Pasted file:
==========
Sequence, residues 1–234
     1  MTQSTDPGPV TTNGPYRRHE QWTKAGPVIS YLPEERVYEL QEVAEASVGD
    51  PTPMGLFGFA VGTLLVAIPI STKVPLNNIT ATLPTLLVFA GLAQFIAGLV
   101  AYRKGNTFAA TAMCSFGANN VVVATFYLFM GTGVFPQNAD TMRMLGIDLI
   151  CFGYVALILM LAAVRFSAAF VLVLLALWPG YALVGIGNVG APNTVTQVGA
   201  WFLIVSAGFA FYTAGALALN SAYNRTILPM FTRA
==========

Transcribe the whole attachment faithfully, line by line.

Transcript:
Sequence, residues 1–234
     1  MTQSTDPGPV TTNGPYRRHE QWTKAGPVIS YLPEERVYEL QEVAEASVGD
    51  PTPMGLFGFA VGTLLVAIPI STKVPLNNIT ATLPTLLVFA GLAQFIAGLV
   101  AYRKGNTFAA TAMCSFGANN VVVATFYLFM GTGVFPQNAD TMRMLGIDLI
   151  CFGYVALILM LAAVRFSAAF VLVLLALWPG YALVGIGNVG APNTVTQVGA
   201  WFLIVSAGFA FYTAGALALN SAYNRTILPM FTRA